Merrillville endorses county income tax on heels of Hobart vote
By Karen Caffarini Post-Tribune correspondent September 11, 2012 9:26PM
Updated: October 14, 2012 1:39PM
MERRILLVILLE — Following Hobart’s lead, the Merrillville Town Council on Tuesday passed a resolution in support of a local option income tax in Lake County.
A copy of the resolution will be sent to both the Lake County Council and Lake County Board of Commissioners, the governing boards charged with voting on the tax, once all council members sign it.
Councilwoman Chrissy Barron, D-5th, and Councilman Ron Widing, D-7th, were absent from the meeting, which began with a 9/11 memorial service that included a medley of patriotic songs by the Merrillville High School choir and playing of the national anthem by the school’s orchestra.
Council President Shawn Pettit, D-6th, asked town administrator Howard Fink to place the item on the agenda after learning that Hobart passed a similar resolution asking Lake County officials to pass a 1 percent county option income tax. Hobart was the first municipality in the county to pass a resolution in support of the tax.
Hobart Council President Dave Vinzant, D-4th, proposed the money generated from the tax be used for property tax relief as well as a 0.25 percent tax for public safety and a 0.25 percent tax for capital projects.
“My position is not about the money generated by the option income tax, but about the penalty if we don’t pass it. We estimate $350,000 to $400,000 is sitting on the table,” Pettit said.
Fink said that is the amount the town loses per year as a result of the state freezing Lake County’s levy. The freeze is a penalty imposed on the county for not passing the county option income tax. Every other county in the state has passed the tax.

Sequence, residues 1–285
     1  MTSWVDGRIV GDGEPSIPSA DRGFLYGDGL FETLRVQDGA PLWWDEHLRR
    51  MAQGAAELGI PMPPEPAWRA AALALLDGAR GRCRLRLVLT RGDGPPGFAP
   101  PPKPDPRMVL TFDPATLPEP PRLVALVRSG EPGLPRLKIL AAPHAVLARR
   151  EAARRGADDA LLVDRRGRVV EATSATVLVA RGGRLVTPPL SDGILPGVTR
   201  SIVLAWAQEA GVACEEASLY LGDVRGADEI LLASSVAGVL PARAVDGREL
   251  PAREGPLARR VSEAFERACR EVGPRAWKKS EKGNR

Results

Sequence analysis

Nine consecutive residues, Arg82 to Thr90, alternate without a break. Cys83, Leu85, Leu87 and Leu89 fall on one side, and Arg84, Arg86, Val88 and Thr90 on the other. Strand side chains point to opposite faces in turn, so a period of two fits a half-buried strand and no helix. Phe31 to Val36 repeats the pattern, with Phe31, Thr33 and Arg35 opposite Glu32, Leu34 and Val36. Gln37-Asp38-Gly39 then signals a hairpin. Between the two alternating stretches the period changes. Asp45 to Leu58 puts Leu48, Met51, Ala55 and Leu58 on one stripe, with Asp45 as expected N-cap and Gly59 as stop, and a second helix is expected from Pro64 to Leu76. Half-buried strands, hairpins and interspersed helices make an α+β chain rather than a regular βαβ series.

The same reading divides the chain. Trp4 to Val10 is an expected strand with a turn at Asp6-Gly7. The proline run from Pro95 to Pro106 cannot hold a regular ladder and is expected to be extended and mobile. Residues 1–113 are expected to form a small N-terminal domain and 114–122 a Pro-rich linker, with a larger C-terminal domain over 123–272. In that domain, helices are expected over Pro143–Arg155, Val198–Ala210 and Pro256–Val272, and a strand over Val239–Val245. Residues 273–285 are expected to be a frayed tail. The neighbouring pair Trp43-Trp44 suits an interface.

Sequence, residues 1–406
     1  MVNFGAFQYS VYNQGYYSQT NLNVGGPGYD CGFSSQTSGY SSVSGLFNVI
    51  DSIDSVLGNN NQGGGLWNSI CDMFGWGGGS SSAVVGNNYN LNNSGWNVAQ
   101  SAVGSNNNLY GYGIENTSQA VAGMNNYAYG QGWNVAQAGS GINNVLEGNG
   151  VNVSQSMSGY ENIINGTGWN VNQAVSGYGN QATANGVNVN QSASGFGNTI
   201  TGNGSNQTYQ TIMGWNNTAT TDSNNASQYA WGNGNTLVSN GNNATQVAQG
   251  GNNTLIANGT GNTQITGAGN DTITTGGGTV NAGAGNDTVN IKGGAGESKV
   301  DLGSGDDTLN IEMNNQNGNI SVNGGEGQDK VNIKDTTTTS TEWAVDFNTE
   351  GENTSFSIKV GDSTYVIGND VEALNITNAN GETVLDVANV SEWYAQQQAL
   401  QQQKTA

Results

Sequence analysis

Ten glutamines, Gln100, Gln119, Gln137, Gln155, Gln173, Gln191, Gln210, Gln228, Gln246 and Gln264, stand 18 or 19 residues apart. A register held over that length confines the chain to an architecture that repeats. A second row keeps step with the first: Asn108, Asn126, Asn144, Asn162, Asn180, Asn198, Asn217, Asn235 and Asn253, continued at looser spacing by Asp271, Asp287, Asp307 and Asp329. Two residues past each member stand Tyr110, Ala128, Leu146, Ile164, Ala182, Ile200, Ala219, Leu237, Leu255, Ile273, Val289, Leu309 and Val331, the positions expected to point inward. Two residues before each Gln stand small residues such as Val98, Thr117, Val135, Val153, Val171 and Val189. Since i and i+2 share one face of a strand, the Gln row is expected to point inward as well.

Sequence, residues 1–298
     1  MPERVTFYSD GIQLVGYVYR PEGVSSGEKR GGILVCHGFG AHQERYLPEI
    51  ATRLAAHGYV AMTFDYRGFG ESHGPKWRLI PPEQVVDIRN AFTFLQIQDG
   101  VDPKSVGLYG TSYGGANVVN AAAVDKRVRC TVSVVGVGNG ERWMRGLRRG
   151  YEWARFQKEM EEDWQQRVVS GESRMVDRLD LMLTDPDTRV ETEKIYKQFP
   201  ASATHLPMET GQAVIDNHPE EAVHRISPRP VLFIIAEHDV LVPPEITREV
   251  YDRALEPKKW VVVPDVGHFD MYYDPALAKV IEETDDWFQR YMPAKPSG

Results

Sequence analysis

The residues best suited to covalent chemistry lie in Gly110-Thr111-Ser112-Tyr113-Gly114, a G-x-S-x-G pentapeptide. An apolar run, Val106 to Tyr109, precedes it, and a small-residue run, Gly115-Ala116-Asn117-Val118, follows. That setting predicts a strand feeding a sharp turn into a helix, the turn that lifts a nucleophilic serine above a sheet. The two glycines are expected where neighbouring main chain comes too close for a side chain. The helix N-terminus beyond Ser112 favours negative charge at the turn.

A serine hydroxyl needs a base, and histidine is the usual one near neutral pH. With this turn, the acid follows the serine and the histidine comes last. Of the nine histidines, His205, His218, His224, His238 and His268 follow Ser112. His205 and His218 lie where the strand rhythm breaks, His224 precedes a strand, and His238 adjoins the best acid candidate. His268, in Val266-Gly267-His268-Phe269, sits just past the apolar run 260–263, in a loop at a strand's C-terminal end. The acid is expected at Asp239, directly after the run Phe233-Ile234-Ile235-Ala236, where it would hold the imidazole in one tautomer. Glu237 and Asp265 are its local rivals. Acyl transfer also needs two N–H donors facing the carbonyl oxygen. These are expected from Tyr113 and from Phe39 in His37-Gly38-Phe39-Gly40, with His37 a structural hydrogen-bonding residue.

“We’ve lost about $1.5 million over five years. That’s a significant decrease in what we budget,” Fink said.
Fink also pointed out that the tax will help lower property taxes for homeowners who have a homestead exemption.
Pettit said the town has gone to the department heads to cut their budgets as much as they could.
“At the end of the day, services will suffer. There will be less police officers and firefighters and roads won’t get paved,” Pettit said.
Councilman Tom Goralczyk, D-4th, said while he agrees the town needs the money, he feels the county council and commissioners are the governing bodies that should pass this resolution.
“This is an option income tax, but there are no other options. It’s the same thing I stressed to the governor,” Goralczyk said.
Resident Dee Evans-Hein voiced her support for the new tax.
“When it first came out about the county tax, I thought it was ridiculous, unfair and wrong. But as a citizen of the state, county and Merrillville, I agree with this resolution. Merrillville citizens have been penalized, told that services are not available. It’s time to step back and look at this logically and objectively. It’s time to look at the citizens of Lake County. We are being hurt,” she said.